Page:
Maybe I was a specialist fielder. Perhaps I was, to plagiarise a Twitter description I saw: “Non-bowling number 11 fieldsman of some repute.” My cricketing epitaph should read thus; two fielding trophies in four years. Catches, run outs. Where was the statistician in me not to record – ‘runs saved’? My final figures are diminished by the missing data of ‘runs saved’. A whole new statistical genre…perhaps I could have gone on to be a cricket statistician and travelled the world. My delusions of grandeur never dissipate. Thirty plus years of non-descript public servanthood can do that to you.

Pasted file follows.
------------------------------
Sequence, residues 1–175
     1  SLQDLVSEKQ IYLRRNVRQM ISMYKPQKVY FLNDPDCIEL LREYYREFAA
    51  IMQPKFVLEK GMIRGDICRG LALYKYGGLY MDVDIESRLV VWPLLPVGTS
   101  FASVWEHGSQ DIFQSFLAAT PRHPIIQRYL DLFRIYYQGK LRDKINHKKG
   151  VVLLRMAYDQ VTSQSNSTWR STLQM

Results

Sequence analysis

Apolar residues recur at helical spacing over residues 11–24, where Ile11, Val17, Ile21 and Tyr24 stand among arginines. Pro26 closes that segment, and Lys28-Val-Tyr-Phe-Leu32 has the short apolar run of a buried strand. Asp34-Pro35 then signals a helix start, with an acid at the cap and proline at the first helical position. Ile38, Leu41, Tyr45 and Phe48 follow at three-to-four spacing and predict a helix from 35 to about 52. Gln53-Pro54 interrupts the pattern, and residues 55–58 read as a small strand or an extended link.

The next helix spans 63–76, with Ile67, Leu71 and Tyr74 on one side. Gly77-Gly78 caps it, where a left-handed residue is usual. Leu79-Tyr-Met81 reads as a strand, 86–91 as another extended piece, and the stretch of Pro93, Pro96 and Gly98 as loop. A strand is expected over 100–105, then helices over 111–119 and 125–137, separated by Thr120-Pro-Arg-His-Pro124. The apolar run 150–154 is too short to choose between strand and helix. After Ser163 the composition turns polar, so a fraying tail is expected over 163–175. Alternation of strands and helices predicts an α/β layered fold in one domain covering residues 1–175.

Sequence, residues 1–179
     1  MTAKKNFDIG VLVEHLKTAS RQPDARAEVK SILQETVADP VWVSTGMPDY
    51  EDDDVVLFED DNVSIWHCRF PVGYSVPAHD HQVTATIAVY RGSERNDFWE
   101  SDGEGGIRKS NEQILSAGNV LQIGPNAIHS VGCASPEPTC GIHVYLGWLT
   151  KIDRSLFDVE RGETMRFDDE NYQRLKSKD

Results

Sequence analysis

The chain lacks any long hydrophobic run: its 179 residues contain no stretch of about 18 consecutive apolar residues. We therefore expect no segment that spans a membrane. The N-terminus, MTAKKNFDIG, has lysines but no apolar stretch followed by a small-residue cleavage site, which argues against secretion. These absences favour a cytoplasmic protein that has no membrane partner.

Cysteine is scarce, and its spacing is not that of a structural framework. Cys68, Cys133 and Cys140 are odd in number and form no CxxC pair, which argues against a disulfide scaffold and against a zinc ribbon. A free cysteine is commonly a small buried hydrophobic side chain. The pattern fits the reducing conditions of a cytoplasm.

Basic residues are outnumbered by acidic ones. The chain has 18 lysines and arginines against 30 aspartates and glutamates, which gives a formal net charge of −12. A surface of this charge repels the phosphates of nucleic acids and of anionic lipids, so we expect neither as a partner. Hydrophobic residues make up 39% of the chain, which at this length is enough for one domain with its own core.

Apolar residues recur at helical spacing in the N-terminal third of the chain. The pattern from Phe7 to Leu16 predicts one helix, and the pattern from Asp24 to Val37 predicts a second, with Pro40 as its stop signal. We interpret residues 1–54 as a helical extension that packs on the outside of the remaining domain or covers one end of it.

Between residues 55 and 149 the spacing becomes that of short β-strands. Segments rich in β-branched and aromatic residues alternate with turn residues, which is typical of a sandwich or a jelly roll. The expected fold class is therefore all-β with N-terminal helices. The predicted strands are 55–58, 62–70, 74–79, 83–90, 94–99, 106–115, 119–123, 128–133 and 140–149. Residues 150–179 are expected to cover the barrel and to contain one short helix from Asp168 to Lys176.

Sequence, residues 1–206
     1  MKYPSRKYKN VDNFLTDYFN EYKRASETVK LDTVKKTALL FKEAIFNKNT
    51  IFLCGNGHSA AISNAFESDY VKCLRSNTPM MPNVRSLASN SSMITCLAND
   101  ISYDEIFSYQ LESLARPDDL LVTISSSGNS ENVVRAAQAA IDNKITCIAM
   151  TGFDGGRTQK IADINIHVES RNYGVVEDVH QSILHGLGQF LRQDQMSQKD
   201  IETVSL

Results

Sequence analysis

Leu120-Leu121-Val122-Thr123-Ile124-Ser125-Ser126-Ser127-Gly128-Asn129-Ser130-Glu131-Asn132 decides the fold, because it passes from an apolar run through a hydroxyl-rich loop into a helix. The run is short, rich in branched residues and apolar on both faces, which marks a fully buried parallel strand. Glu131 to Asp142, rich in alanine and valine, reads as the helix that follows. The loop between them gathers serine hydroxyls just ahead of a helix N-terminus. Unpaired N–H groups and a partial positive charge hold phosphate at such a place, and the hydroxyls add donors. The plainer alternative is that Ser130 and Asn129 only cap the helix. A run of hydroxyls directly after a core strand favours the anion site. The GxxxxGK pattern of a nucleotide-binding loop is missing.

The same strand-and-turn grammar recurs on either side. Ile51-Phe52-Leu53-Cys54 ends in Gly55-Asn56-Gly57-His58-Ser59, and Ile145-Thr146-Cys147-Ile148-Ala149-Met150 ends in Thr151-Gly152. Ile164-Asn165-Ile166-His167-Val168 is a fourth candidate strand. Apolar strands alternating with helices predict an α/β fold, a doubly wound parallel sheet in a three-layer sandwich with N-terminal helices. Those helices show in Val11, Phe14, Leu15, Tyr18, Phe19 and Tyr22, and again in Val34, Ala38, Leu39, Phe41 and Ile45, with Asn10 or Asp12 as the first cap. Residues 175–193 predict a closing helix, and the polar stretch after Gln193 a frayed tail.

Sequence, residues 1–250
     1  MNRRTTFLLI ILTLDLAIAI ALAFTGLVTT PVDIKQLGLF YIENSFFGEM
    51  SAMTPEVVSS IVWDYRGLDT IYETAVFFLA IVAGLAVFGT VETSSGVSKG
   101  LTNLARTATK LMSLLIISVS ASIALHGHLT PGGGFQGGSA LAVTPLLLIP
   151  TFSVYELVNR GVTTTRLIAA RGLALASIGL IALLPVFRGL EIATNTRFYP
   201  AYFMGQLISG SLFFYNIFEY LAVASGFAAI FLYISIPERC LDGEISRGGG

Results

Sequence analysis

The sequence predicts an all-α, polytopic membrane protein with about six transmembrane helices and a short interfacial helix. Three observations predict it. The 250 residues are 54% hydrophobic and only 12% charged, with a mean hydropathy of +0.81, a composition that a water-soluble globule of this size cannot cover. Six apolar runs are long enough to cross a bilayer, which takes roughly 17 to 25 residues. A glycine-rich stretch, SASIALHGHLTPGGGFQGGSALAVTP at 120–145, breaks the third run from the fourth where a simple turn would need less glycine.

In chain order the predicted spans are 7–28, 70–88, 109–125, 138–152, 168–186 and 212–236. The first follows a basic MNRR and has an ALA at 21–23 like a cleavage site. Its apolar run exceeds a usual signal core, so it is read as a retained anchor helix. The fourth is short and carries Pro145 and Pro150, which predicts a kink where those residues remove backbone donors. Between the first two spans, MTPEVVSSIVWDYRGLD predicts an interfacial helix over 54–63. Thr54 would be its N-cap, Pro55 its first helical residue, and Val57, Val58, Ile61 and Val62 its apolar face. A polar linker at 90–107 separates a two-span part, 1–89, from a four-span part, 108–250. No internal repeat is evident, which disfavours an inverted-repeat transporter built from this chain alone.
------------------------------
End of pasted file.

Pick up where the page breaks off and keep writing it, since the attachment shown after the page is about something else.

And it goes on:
My wedding was in a couple of months and I knew the next season I would not want to waste time playing a game I was clearly no good at. Our new captain did warn me, then there’ll be kids and you’ll be like me and not play for 20 years.

 

Why torture yourself when you aren’t any good?

 

I stopped playing, I got married, I had children. I never went back, even after 20 years.

 

Career figures:
Mt In NO HS Rs Av Cs O M R W B Av
26 34 2 26 245 7.66 15 9 2 40 2 1/2 20.0

 

(Individual season’s figures available on request. E.g. 1985-86 batting average in double figures and bowling average in single figures).